Pa. Senate advances ban on gay marriages

March 18, 2008 7:24:25 PM PDT
A proposal to amend the Pennsylvania Constitution to ban gay marriages and civil unions received approval from a Senate committee Tuesday as supporters seek to revive an effort that stalled in 2006. In a packed Judiciary Committee hearing, opponents tried, but failed, to delay a vote. The committee's 10-4 vote, however, was just the first step in the long road to changing the state constitution, which ultimately would require a statewide referendum that could be held no earlier than next year.

Opponents sought to keep the bill in committee for more hearings, if only to clear up the meaning of the amendment's wording on civil unions and how it could impact the current legal rights of gay and lesbian couples.

One supporter, Sen. John Gordner, R-Columbia, insisted that the wording of the ban on civil unions would not affect current rights, such as a domestic partner's health care coverage or ability to grant power of attorney.

"It does preserve existing legal rights between gay and lesbian couples," Gordner said.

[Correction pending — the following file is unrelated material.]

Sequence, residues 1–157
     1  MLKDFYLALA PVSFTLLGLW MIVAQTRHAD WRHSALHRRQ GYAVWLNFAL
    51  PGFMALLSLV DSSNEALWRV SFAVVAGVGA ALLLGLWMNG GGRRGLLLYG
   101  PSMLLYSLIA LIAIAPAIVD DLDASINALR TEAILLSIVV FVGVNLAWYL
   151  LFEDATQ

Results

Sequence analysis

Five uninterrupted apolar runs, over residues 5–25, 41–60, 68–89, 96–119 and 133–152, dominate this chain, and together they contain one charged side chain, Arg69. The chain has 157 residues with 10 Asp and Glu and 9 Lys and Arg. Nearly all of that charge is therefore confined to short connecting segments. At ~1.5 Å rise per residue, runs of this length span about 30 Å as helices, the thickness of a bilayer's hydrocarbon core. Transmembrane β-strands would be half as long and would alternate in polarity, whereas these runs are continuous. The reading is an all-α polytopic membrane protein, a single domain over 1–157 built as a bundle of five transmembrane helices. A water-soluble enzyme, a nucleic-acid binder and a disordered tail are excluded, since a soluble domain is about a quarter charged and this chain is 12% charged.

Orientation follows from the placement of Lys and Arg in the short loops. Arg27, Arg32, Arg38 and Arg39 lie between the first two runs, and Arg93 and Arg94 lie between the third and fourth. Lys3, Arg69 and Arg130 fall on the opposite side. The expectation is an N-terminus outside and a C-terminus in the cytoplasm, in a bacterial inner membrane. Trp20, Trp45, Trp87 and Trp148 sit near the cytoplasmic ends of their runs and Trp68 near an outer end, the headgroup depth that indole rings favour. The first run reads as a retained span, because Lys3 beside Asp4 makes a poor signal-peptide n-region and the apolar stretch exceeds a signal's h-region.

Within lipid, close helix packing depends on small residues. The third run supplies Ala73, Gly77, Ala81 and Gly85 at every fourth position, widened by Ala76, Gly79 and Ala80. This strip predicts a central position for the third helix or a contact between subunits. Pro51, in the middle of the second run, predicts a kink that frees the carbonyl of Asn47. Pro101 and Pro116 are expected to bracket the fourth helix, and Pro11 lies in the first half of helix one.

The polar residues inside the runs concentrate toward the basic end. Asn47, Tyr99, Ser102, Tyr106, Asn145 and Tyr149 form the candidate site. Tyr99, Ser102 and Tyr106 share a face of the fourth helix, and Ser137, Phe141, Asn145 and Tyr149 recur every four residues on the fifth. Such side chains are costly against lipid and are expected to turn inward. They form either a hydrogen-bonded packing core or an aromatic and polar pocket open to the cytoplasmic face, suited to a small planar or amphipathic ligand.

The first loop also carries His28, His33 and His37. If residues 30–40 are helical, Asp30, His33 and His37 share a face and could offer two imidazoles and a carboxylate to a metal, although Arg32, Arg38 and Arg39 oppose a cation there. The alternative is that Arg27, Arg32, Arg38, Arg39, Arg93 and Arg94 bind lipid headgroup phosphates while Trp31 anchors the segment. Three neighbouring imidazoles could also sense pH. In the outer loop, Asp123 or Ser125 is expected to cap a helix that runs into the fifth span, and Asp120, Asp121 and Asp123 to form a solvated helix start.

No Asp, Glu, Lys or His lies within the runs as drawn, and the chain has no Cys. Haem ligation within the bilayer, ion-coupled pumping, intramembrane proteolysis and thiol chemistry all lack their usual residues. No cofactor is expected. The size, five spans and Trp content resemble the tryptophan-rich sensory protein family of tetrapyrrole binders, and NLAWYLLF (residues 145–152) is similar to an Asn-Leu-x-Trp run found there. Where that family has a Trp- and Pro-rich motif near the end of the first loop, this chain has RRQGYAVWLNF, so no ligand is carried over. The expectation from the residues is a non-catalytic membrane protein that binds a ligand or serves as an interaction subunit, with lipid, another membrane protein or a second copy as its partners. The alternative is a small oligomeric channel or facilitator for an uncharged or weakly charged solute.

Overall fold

The proposed amendment reads, "No union other than a marriage between one man and one woman shall be valid or recognized as marriage or the functional equivalent of marriage by the Commonwealth."

One opponent of the bill, Sen. Jay Costa, D-Allegheny, questioned whether "functional equivalent" would endanger the health care coverage extended by the city of Pittsburgh to domestic partners of employees.

Sen. Pat Browne, R-Lehigh, who also voted against the measure, said those words leave it unclear exactly which legal rights amount to the equivalent of marriage. It is the Senate's duty to make sure voters understand that before a referendum is held, he said.

"To let people make a determination at the ballot box ... is inappropriate," Browne said.

Pennsylvania's 12-year-old "Defense of Marriage" law defines marriage as being between a man and a woman. However, it is silent on the matter of civil unions, which Gordner said are banned by 19 states.

In 2006, the House approved a ban on civil unions, but the proposal died in the Senate.

Supporters say a constitutional ban on gay marriage and civil unions is necessary to ensure that a judge does not overturn the marriage law.

Opponents of the measure, including advocates for children and victims of domestic violence, have argued that the amendment would prevent same-sex couples and unmarried heterosexual couples from adopting. They also say it would discourage employers from offering domestic-partner benefits.

A constitutional amendment requires approval from both legislative chambers in two consecutive two-year sessions and ultimate approval in a statewide referendum. The earliest that could happen is 2009.


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